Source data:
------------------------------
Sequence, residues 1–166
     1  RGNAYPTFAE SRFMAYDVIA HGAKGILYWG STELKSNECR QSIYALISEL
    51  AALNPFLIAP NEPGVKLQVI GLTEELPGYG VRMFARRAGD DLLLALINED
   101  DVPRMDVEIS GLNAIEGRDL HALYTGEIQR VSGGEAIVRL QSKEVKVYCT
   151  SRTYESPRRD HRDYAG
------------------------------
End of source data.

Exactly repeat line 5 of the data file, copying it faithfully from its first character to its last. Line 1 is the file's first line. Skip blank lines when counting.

   151  SRTYESPRRD HRDYAG